§18. THE GENERALIZED CAUCHY PROBLEM FOR THE WAVE EQUATION 148

1. Twice differentiable solutions (148).
2. Example (150).
3. Generalized solutions (152).
4. Existence of initial data (153). 5. Solutions of the generalized Cauchy problem (155).

§19. LINEAR EQUATIONS OF NORMAL HYPERBOLIC TYPE WITH VARIABLE COEF-
FICIENTS (BASIC PROPERTIES) 157

1. Characteristics and bicharacteristics (157).
2. The characteristic conoid (164).
3. Equations in canonical coordinates (166).
4. The basic operators M^{(0)} and L^{(0)} in polar coordinates (168).
5. The system of basic relations on the cone (178).

§20. THE CAUCHY PROBLEM FOR LINEAR EQUATIONS WITH SMOOTH COEFFICIENTS 175

1. The operators adjoint to the operators of the basic system (175). 2. The construction of the functions 𝜎 (177).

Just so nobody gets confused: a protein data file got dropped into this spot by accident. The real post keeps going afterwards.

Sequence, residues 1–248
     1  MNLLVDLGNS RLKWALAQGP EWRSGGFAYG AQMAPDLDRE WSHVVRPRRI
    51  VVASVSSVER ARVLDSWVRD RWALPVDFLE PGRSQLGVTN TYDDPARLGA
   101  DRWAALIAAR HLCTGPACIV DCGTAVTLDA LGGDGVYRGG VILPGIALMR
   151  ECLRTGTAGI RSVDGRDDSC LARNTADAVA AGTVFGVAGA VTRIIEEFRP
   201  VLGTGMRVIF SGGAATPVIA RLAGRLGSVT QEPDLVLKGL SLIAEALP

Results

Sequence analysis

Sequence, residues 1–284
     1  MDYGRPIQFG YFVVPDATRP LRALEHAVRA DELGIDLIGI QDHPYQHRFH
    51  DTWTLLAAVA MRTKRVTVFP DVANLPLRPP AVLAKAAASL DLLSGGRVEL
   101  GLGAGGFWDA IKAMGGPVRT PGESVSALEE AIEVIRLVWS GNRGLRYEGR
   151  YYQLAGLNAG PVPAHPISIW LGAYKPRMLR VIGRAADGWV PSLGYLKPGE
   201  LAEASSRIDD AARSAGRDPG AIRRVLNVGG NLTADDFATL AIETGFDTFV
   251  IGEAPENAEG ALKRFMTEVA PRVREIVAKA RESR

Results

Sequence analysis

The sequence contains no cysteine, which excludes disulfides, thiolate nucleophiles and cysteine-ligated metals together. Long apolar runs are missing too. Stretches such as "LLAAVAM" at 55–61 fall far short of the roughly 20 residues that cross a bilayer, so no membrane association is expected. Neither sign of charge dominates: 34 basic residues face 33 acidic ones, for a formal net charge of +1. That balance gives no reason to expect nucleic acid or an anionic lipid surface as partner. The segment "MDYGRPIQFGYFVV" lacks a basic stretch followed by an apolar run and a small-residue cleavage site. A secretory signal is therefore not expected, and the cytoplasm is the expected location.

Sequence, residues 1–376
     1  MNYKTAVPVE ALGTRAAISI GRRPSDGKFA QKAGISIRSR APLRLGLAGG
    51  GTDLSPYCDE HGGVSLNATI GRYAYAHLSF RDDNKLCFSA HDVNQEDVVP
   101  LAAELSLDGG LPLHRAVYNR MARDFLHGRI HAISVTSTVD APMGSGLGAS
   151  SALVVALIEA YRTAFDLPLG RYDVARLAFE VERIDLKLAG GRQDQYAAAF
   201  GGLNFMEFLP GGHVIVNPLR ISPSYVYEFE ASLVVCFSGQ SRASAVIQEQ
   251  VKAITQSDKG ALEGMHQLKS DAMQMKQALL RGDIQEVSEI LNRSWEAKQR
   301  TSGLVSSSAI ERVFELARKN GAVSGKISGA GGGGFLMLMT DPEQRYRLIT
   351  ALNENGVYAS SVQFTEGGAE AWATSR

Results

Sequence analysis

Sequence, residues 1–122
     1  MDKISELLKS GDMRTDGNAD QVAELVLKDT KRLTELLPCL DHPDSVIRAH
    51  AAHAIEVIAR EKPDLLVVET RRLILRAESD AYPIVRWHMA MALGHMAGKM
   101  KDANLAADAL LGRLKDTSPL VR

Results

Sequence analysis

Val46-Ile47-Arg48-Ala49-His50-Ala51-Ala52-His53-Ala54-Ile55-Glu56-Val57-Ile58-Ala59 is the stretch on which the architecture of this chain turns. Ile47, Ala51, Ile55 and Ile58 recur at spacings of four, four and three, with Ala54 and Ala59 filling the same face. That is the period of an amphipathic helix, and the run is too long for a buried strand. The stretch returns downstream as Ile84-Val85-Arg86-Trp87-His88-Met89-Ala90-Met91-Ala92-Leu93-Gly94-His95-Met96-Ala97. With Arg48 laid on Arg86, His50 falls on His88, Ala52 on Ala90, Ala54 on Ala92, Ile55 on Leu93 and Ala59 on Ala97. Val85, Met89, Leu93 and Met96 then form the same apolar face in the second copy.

3. Investigation of the properties of the functions 𝜎 (179). 4. Derivation of the basic integral identity Bu=SF (181).
5. The inverse integral operator B^{-1} and the method of successive
approximations (183).
6. The adjoint integral operator B* (187).
7. The adjoint integral operator S* (191).
8. Solution of the Cauchy problem for an even number of variables (192).
9. The Cauchy problem for an odd number of variables (195).

§21. INVESTIGATION OF LINEAR HYPERBOLIC EQUATIONS WITH VARIABLE COEFFICIENTS 196

1. Simplification of the equation (196).
2. Formulation of the Cauchy problem for generalized solutions (198).
3. Basic inequalities (200).
4. A lemma on estimates for approximating solutions (204).